Thursday, June 30, 2011

Blues, Oshie come to terms on one-year contract

Forward agrees to $2.35 miilion deal, would have been restricted free agent Friday

HAZELWOOD, Mo. -- Twenty-four hours away from hitting the free agent market, the Blues and T.J. Oshie put those anxious moments to rest Thursday.

The Blues signed Oshie to a one-year, $2.35 million contract, thus avoiding salary arbitration with the 24-year-old who would have been a restricted free agent and susceptible to offer sheets.

"It feels great. I couldn't be happier. Glad to be back in St. Louis," Oshie said Thursday from St. Louis Mills. "I always knew that was going to be the end result. (We had to) just come to a number. I'm very excited. Now I can just focus on working out."
T.J. Oshie avoids free agency, signs a one-year contract with Blues.

The one-year deal represents a contract that is suitable for both parties, according to Blues general manager Doug Armstrong. The monetary figure represents a number higher than the ones the Blues gave to David Perron ($1.8 million) and Patrik Berglund ($2.25 million) in the first years after their entry-level deals expired. But Perron and Berglund each received two-year contracts.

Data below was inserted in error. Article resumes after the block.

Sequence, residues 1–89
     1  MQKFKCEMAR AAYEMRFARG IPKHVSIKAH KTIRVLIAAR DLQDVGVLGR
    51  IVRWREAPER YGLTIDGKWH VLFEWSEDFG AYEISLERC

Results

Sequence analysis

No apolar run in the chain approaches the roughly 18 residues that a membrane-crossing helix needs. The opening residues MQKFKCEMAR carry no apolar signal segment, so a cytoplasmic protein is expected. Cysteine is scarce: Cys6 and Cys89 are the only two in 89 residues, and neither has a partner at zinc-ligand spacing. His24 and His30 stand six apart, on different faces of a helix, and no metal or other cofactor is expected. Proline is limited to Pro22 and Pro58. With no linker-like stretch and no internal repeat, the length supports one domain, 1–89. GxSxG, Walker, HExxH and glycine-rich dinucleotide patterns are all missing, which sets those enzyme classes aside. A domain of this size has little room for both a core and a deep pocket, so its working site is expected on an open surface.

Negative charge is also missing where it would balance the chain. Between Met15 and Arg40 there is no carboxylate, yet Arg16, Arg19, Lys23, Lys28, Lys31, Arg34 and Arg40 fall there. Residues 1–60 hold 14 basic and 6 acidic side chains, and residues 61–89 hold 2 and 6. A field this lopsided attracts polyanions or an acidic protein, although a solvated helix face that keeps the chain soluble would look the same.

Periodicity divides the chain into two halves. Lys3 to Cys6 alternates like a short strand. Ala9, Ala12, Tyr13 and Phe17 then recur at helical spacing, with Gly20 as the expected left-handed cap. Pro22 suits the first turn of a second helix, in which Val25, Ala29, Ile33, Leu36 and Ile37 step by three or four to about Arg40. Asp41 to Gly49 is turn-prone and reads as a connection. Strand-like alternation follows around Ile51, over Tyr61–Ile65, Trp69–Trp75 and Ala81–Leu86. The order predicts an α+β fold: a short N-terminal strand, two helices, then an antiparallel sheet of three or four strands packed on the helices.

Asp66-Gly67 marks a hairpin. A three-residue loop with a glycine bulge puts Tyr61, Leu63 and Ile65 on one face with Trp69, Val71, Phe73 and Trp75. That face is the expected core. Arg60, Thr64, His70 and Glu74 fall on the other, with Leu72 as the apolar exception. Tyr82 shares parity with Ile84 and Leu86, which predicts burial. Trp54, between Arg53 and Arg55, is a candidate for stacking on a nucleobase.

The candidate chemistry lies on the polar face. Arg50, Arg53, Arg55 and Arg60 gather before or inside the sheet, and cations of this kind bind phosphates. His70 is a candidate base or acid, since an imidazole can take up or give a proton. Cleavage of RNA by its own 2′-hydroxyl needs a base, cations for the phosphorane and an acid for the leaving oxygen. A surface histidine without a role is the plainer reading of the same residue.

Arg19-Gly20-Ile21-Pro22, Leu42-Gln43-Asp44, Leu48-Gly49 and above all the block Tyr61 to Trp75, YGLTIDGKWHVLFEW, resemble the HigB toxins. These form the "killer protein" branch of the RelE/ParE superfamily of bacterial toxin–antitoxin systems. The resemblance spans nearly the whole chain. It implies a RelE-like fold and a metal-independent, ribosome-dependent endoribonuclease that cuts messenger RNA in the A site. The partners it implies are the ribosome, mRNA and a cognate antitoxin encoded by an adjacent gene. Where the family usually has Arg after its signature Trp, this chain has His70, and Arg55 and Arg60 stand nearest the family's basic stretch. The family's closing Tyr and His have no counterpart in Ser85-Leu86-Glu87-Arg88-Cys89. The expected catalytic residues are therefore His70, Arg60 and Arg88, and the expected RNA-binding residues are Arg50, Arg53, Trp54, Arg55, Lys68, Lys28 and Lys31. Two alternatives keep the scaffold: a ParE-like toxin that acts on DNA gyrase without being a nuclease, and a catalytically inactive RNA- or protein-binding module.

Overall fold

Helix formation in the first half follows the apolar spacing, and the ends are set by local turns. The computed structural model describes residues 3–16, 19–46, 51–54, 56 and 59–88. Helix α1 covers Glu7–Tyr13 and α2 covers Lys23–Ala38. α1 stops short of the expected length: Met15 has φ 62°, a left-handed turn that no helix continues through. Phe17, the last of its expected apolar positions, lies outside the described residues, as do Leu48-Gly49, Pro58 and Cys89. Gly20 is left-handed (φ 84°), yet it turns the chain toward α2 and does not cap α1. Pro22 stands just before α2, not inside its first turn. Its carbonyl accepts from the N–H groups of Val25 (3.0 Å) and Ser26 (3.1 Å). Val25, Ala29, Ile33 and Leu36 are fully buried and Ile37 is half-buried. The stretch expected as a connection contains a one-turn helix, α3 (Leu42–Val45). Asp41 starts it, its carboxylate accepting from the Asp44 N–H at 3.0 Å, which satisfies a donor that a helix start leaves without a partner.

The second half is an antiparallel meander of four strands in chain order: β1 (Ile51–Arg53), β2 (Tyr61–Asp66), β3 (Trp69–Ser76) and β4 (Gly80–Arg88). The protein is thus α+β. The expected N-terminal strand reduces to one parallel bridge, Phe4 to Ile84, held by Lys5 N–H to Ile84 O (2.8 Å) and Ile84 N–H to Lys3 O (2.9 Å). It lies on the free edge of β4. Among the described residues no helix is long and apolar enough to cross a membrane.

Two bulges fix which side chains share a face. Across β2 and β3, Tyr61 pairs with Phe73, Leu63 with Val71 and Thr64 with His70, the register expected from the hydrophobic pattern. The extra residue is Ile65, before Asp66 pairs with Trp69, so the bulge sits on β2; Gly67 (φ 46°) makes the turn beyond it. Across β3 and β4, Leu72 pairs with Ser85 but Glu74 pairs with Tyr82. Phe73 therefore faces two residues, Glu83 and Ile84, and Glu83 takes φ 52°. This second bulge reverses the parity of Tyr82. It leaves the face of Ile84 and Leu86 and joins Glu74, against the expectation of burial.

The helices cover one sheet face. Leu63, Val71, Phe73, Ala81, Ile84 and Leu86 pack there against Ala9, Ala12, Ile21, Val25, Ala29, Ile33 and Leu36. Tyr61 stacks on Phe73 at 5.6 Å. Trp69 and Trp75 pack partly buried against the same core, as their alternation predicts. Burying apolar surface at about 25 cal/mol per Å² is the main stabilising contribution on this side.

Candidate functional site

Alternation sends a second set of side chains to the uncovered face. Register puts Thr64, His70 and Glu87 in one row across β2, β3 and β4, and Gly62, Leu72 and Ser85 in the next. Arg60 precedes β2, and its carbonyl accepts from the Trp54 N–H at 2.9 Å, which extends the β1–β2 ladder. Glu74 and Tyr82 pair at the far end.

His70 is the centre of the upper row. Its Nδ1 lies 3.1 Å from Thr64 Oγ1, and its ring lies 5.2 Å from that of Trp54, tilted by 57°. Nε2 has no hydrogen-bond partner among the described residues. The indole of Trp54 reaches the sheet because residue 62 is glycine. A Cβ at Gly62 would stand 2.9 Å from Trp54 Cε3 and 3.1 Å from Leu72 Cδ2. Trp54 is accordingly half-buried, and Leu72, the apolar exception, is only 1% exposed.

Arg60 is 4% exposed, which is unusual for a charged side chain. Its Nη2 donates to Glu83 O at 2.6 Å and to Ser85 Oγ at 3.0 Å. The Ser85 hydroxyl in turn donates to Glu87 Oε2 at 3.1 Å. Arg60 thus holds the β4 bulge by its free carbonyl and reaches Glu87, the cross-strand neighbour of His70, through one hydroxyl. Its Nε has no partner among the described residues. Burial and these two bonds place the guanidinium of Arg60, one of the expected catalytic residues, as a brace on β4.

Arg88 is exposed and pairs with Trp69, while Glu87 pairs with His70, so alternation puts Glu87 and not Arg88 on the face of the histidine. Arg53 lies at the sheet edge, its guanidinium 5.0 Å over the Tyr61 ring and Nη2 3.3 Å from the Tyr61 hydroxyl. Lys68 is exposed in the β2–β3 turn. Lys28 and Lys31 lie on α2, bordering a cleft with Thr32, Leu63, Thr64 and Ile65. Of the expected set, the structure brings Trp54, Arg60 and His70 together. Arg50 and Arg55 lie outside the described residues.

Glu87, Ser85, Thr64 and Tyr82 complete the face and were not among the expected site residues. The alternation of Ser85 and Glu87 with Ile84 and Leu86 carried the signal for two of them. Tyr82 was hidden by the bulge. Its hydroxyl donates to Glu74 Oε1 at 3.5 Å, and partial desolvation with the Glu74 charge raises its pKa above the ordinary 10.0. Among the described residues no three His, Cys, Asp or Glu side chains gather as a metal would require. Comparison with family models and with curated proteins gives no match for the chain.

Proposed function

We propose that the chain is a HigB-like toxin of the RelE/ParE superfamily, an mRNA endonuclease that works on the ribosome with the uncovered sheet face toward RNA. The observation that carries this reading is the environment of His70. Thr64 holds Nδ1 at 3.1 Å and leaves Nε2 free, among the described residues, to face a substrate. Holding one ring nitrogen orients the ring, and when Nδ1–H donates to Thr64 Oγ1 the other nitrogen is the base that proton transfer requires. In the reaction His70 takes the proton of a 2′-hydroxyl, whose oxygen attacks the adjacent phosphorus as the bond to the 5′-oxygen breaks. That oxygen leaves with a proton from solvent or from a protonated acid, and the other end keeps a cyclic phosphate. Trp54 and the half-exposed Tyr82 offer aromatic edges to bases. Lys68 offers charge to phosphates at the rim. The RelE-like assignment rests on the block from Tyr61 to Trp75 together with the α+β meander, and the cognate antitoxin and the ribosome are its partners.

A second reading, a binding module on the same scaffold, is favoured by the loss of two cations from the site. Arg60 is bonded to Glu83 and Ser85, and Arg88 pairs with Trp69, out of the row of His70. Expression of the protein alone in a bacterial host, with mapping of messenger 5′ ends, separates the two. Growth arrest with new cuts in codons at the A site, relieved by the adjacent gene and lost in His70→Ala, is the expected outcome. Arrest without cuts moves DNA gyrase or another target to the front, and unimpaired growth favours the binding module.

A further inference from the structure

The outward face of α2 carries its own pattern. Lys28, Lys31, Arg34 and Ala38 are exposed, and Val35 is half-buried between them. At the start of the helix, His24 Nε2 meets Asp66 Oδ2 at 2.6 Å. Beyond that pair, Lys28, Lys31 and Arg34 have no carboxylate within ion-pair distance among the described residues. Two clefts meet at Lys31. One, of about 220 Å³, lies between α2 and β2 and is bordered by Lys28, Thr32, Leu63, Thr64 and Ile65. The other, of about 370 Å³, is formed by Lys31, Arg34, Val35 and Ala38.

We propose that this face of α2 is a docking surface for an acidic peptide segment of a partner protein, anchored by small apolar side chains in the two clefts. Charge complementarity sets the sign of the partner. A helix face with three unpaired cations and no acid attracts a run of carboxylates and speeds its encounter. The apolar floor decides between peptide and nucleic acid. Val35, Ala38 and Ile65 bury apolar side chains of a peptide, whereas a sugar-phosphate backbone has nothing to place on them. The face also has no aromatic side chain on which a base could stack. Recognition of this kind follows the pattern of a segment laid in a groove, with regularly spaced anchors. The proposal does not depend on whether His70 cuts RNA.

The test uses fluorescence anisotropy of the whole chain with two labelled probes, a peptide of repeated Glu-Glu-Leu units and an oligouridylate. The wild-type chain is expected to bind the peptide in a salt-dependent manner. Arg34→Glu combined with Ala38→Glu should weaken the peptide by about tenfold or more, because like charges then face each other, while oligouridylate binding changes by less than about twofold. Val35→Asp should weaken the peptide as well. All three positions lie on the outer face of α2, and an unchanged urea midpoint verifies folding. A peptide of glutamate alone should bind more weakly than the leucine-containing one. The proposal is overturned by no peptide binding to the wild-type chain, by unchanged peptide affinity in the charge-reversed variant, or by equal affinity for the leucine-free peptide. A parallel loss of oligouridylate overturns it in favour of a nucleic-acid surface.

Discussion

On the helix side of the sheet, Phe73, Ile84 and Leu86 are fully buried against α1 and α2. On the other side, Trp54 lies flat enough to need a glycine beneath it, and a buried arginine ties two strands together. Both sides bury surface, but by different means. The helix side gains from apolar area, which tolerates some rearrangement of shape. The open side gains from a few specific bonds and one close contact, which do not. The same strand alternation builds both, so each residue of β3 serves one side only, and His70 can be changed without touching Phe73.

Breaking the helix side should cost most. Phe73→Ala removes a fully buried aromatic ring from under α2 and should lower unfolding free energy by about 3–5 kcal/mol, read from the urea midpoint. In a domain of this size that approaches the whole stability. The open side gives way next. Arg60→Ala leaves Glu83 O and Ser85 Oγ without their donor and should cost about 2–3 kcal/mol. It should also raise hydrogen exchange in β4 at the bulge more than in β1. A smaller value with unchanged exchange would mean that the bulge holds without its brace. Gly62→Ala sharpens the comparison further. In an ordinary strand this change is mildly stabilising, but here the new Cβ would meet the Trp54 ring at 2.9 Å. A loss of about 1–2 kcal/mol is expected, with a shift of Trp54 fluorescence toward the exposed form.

Oshie, the Blues' top pick in 2005, played in 49 games this past season and recorded 34 points on 12 goals, 22 assists. It's going to be an important year to prove his value and worth that could potentially parlay into a long-term deal down the road.

"I think coming off the injury, it's important that T.J. comes in and establishes himself with a healthy season and contribute at a 75-plus game mark and then we'll move on to looking at a longer-term deal after that," Armstrong said. "It gives him obviously some security on a one-year deal. The compensation is fair, I think, for both sides, but it allows him to continue to put that one full season together that will really show that his health is nothing to be concerned about.

"It's a contract that I believe is right in a lot of ways. With the arbitration rights he had, he obviously had different rights than some of the other players that we've negotiated with to this point."

Oshie could have waited until Friday to see if there would have been any offer sheets made and he had the option of salary arbitration to the July 5 deadline. Both were intriguing options.